Idel writes that the apotheotic "represents the impulses of a few elite individuals to transcend the human mortal situation through a process of theosis, by ascending on high, to be transformed into a more lasting entity..." This is precisely what I have in mind with the pneumaticon of the circle containing the upward arrow, minus the elite part, which sounds too (upper case) Gnostic (unless we're talking about genuine saints).
"In contrast to this upward aspiration is the theophanic vector, which stands for the revelation of the divine in a direct manner or via mediating hierarchies." This would obviously represent the circle with the downward -- or downWord -- arrow.
I then suggested that perhaps Jesus embodies both arrows. Yes, he is Word-made-flesh, i.e., the Personal Absolute, the descending arrow. However, if he is also "fully man," then we might also regard him as the quintessence of man's ascending energies. Or in other words, he is lost and searching for God, just like the rest of us. In fact, this is hinted at in Matthew 1:23, where it says they shall call His name Immanuel, which is translated, 'God with us.'
In other words, not just God in or above us, but with us. Which can be quite consoling. Yes, he may be the harbor, but he's in the same boat with the rest of us (perhaps most dramatically in the garden at Gethsemane).
It seems to me that certain theologies exclude one movement at the expense of the other. For example, certain strands of Protestantism insist that there can be no ascent from our side -- that we are so corrupted by sin that we cannot help ourselves. Rather, God's descent is both the necessary and sufficient cause of our salvation, and there's not a thing we can do or not do about it.
Granted, the universal church has always been mindful of the heresy of Pelagianism, which pretends that man can save himself without divine aid -- that he can ascend to the toppermost of the poppermost without God meeting him more than halfway.
Now, all heresies contain an element of truth, only overemphasized or out of proportion to the totality of revelation. Thus, in point of fact, Pelagianism is no more or less heretical than its polar opposite, predestination.
At the end of yesterday's post, I alluded to Schuon's comment to the effect that Jesus is simultaneously God's icon of man and our icon of God. If that is the case, then this icon must always include both arrows, the ascending and descending, since they are both (quintessentially) present in Jesus.
In the West, we know all about the descending arrow. But in Eastern Orthodoxy, I find that they give equal emphasis to the ascending arrow, to the apotheotic stream. You might say that they consider Jesus from the perspective of savior, but also from the angle of -- gulp -- guru. So to speak. They would no doubt prefer the term starets, a person who
"functions as a venerated adviser and teacher. Elders or spiritual fathers are charismatic spiritual leaders whose wisdom stems from God as obtained from ascetic experience." [Why, for example, do we read of Jesus' asectic experience during those forty days in the desert?]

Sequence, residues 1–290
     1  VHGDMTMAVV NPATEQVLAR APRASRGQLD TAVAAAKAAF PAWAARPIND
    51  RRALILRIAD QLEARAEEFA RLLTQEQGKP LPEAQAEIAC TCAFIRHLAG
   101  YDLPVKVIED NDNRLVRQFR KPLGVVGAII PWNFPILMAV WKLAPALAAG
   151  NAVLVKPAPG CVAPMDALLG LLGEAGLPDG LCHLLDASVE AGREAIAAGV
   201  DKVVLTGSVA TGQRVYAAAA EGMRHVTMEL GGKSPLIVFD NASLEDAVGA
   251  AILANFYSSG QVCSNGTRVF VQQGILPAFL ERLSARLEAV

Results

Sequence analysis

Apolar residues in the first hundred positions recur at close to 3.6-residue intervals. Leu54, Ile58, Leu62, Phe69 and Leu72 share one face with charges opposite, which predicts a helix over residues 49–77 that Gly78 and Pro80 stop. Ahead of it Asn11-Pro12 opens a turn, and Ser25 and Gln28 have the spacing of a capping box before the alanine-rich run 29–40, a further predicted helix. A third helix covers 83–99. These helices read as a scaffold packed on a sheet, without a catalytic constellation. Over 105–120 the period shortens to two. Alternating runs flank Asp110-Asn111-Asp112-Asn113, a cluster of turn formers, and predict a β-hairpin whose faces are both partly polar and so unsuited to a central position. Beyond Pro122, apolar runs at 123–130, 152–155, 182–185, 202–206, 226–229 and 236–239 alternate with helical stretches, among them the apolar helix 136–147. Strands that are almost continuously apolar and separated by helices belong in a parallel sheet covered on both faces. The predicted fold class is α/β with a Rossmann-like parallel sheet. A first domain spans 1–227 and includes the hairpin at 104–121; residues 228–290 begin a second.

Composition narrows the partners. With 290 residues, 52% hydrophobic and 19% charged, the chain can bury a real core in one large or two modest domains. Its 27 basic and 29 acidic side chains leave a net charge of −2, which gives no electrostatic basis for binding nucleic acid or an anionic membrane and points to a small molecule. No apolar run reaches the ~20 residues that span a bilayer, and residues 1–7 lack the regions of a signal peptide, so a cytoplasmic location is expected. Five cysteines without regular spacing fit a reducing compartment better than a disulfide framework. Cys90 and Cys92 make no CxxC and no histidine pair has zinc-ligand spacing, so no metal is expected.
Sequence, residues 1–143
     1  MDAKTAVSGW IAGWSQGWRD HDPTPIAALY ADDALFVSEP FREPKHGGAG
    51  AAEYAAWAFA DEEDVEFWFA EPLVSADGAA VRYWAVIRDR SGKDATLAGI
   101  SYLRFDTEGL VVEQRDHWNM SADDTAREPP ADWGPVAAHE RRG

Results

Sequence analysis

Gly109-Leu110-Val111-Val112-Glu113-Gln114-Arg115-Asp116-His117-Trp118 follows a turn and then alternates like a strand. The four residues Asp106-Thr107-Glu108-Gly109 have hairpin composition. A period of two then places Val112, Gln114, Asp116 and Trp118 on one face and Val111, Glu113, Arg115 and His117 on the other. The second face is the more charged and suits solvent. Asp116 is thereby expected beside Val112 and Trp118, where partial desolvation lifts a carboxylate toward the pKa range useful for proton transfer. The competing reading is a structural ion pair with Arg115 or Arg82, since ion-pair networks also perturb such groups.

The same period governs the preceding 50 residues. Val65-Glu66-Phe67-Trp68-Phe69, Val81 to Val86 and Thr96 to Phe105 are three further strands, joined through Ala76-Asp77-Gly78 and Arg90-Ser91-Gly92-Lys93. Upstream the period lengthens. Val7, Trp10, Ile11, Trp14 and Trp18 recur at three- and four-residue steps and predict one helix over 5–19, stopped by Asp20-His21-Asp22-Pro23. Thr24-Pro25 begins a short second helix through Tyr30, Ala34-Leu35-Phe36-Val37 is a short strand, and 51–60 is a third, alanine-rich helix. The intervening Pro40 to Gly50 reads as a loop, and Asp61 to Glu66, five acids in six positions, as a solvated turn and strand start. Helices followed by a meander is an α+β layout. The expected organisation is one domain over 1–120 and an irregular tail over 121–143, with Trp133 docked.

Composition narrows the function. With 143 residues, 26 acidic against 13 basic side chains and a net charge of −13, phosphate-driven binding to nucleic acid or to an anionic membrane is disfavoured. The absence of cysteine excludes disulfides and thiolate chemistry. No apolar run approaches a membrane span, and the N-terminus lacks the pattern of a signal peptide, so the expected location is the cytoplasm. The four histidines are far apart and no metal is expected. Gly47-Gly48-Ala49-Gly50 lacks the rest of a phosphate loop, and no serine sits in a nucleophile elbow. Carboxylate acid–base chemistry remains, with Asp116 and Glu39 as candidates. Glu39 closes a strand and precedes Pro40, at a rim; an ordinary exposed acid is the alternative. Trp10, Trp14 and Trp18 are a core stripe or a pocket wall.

"It is believed that through ascetic struggle, prayer and Hesychasm (seclusion or withdrawal), the Holy Spirit bestows special gifts onto the elder including the ability to heal, prophesy, and most importantly, give effective spiritual guidance and direction. Elders are looked upon as being an inspiration to believers and an example of saintly virtue, steadfast faith, and spiritual peace."
(This would be consistent with Jesus' question and comment -- I'm paraphrasing -- "why do you call me good? There is no one good but God.")
Note that in the Gospels, this is how the disciples most frequently approach Jesus. In other words, they don't usually approach him as God, but as rabbi, teacher. Indeed, he shared all sorts of practical spiritual and ethical advice, things that would be utterly useless to us if predestination were the case. I mean, why pray, why evangelize, why obey the Commandments, if it makes no difference to our salvation?
Boyarin suggests that in Mark -- the earliest Gospel -- we can see most clearly the two trends, as if they hadn't quite yet been harmonized: "It is almost as if two stories have been brought together into one plot: one story of a God who became man, came down to earth, and returned home, and a second story of a man who became God and then ascended on high."
And why not? If Jesus represents a new category of being (both arrows), then naturally it will take awhile for human beings to work it all out.: "ahh, right: God and man. Man and God." It actually took centuries to nail down the right balance.
So, Jesus saves. But Jesus also teaches us how to be saved. Like how? One memorable book that touches on this is Christ the Eternal Tao. Since I don't remember those memorable details, let's dig it out and find out what it says. However, I can tell you ahead of time that it contains some of the same information presented in chapter four of my book. No, I didn't plagiarize anything, aside from plundering it for all it is worth.
Here it is, chapter three, Watchfulness. Hieromonk Damascene reminds us that we always "carry within ourselves the inclination and habit to return to our former condition," and that "if we do not preserve, guard and cultivate the seed of Grace given to us, we will be deprived of its vivifying power."
Or in other words -- or symbols -- no (↑), no (↓). But it should go without saying that no (↓), no (↑), either. Two sides of the same movement. Thus, "In order to preserve the Grace and not return to our former delusions, we must continuously, day by day, minute by minute, unite ourselves with the Way in metanoia."
I'm way behind in my work. To be continued...